Tandem Project

Conceptualising Sacred Languages and Their Visual Inimitability


Sacred Languages hold religious significance and are primarily used for spiritual purposes. They are believed to be divine or holy and often tied to a specific script or writing system with deep symbolic and spiritual meaning for the religious community.

This international conference at SOAS University of London, United Kingdom, explored the dynamic relationship between sacred languages and their visual elements, highlighting the interplay between language, writing, and spirituality. It focused on the shapes of letters and patterns created by word arrangement, shedding light on how these writing systems evoke awe and reverence.

Interdisciplinary Perspectives on Sacred Languages: Script, Architecture & Art

Organized by AGYA members Dr. Hany Rashwan and Prof. Dr. Florian Zemmin, and Rachel Harrison (SOAS University of London), the conference brought together scholars from various cultural and literary fields to present case studies on sacred languages, their interaction with other languages, the arts, and even music.

Discussions included the evolution of the Arabic script from the earliest manuscripts to various calligraphic types used in Qur’anic scripture, which cannot only be found in manuscripts but also function as ornaments in architecture. This phenomenon can also be seen in the case of Church-Slavonic, which now only survives as a liturgical language and can be seen adorning orthodox churches of the East.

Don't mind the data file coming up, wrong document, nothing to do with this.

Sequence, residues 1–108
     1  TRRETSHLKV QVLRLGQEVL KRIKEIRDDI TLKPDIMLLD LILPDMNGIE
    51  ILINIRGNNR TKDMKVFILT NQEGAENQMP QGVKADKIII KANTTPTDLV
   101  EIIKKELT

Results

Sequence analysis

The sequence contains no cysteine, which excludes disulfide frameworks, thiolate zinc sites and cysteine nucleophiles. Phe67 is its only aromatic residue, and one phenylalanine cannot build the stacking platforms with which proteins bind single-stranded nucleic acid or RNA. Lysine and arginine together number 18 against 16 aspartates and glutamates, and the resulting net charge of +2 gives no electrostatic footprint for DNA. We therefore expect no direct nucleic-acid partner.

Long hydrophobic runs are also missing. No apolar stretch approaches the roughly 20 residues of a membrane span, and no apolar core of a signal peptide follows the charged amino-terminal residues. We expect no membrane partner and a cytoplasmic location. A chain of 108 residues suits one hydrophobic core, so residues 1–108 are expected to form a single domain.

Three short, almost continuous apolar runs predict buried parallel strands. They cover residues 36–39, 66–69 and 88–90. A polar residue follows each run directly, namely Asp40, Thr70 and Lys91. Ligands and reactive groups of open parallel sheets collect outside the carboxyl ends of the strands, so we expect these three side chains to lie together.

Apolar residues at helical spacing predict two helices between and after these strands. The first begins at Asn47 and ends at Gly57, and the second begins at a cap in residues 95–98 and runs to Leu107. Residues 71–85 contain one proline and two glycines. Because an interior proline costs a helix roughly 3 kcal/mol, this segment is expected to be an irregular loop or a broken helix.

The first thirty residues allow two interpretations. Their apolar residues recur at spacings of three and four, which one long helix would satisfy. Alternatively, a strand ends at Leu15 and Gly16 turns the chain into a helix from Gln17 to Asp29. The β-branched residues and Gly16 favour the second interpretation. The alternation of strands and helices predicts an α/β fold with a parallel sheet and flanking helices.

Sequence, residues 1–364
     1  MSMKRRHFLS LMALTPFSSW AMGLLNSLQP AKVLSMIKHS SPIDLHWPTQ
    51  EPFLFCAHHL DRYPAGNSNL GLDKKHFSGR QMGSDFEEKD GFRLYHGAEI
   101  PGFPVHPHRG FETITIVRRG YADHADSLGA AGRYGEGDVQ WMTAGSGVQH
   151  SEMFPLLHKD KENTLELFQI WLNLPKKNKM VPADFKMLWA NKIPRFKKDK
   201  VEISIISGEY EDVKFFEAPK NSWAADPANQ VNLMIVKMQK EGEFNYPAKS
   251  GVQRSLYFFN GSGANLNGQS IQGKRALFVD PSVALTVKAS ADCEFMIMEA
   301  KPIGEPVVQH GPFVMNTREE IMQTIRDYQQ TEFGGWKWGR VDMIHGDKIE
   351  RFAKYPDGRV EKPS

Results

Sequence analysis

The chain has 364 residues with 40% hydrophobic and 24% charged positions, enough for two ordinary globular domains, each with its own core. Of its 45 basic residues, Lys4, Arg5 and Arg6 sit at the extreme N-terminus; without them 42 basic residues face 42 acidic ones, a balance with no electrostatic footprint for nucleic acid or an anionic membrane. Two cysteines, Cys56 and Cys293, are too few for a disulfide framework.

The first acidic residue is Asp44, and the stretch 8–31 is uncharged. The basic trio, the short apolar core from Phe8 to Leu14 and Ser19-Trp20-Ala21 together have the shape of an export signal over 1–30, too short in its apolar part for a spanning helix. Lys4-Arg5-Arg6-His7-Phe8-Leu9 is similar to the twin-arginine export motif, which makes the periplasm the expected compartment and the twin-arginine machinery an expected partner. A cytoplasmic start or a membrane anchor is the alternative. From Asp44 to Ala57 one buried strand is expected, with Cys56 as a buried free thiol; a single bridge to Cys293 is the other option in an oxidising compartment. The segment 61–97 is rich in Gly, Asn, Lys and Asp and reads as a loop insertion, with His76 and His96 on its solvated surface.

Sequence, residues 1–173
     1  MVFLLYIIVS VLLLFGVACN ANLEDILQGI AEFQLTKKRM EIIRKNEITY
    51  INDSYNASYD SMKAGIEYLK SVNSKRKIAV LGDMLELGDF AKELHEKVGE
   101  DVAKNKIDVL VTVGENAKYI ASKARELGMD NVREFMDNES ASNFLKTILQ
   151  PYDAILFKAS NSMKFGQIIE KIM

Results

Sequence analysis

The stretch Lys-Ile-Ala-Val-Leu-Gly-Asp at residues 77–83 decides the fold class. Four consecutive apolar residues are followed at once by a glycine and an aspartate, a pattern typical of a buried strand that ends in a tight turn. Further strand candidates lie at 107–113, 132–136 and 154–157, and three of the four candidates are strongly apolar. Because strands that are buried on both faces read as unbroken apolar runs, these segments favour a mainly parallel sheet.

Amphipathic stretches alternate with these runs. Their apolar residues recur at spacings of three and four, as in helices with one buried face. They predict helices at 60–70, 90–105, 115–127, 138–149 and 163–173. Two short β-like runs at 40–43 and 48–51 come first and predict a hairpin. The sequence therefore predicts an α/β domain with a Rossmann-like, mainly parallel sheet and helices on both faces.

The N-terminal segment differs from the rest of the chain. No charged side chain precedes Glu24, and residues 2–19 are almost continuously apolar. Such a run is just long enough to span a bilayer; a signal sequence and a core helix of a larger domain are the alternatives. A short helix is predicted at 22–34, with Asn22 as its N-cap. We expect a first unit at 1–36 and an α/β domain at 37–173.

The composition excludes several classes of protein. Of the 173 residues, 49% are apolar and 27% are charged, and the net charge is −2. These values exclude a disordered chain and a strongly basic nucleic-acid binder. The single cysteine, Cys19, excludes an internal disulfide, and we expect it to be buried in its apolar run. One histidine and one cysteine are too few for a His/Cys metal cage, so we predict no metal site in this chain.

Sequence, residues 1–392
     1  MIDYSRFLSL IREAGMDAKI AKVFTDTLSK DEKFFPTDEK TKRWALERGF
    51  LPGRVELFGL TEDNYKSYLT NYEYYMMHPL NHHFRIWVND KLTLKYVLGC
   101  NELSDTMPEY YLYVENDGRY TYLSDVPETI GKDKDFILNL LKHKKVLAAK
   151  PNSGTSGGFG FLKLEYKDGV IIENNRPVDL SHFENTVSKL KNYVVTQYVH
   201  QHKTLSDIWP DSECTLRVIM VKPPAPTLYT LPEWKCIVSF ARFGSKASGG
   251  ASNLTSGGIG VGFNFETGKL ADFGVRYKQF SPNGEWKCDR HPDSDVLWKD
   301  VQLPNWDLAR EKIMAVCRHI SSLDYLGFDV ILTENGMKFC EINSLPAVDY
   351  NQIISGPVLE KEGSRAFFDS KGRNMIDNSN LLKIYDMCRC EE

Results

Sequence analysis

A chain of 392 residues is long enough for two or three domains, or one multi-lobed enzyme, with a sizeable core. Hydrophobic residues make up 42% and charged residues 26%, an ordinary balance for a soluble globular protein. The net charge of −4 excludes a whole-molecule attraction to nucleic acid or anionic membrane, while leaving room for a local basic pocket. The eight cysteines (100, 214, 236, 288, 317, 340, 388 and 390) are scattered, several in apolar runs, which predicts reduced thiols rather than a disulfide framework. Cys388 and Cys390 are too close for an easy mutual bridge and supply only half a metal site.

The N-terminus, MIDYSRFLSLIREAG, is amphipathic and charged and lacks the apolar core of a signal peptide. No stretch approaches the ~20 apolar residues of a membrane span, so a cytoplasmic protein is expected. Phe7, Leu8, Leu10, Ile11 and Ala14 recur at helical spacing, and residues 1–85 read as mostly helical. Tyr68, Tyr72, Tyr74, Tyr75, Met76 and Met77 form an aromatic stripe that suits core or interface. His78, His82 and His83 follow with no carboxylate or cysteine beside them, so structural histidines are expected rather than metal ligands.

Another insightful lecture connected biblical texts to medieval Western European art. In the theology and liturgy of the Latin Middle Ages, silence and music serve as vital channels of communication with God. The lecture explored the variety of pictorial techniques aimed at making silence tangible on the parchment page and hand signs of figures in church art used to teach choirs sacred melodies for liturgy.

The adaptation of sacred texts into other languages, whether in the form of translation, transcription, or transliteration, was another central point of discussion. Jewish scholars in Muslim Spain and North Africa not only used Hebrew script to write Arabic and vice versa Arabic letters to write Hebrew texts. Similarly, in West African manuscripts, the Arabic of the Qur’an was sometimes transcribed or transliterated into local alphabets to enable West African believers to recite the Arabic text without the knowledge of Arabic.

From ‘Lingua Franca’ to ‘Lingua Sacra’

In the concluding discussions, which tied the different case studies and points of debate, various axes were identified as to how sacred languages can be characterised: From the ‘locative’ to the ‘utopian’, and from ‘lingua franca’ to ‘lingua sacra’. Central general questions were raised to better understand sacred languages: What besides their religious use makes languages sacred? Why do they differ, and are there characteristics they all share? Can they be translated? Why do some languages still exist as a lingua franca while others only exist in liturgy?

The conference proceedings will be published as a book, laying the groundwork for further exploration into these questions.

Disciplines Involved
Philology, African Studies, Arabic & Islamic Studies, Art History, Comparative Literature Studies, Egyptology, South Asian Studies
Cooperation Partner
SOAS University of London
Event Date
7 - 8 December 2023
Lady David Gallery, SOAS University of London, United Kingdom
Project Title
Conceptualising Sacred Languages and Their Visual Inimitability
Funding Scheme
Tandem Project
Countries Involved
Germany, United Arab Emirates, United Kingdom